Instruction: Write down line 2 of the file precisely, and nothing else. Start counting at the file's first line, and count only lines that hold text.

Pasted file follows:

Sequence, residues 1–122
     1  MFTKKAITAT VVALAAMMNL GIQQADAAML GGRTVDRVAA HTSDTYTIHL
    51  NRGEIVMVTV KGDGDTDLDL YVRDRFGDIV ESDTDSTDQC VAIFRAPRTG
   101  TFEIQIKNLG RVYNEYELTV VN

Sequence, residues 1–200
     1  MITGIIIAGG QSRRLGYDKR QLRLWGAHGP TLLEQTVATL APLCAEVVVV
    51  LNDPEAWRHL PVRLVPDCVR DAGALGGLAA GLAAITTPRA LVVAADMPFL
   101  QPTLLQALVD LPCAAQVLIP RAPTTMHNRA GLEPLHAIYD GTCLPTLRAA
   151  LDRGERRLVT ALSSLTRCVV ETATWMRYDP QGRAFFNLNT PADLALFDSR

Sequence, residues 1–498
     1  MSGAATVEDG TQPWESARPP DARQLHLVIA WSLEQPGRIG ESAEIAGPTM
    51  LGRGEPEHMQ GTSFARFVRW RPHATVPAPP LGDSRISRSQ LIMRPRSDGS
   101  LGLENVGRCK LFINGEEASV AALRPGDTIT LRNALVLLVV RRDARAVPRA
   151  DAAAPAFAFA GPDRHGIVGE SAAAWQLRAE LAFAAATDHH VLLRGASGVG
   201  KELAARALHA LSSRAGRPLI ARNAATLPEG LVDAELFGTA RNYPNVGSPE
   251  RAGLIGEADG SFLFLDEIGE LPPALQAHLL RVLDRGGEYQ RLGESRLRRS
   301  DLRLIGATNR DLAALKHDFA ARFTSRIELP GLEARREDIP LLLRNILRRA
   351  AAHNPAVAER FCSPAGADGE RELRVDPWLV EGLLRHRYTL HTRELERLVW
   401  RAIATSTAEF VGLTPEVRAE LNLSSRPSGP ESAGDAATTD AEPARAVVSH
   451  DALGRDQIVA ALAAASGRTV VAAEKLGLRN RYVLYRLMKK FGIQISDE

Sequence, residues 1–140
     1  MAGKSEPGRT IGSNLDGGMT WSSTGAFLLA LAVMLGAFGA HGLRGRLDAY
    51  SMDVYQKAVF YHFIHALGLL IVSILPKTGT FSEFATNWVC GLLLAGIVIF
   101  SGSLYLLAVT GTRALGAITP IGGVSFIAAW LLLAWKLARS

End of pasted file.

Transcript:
     1  MFTKKAITAT VVALAAMMNL GIQQADAAML GGRTVDRVAA HTSDTYTIHL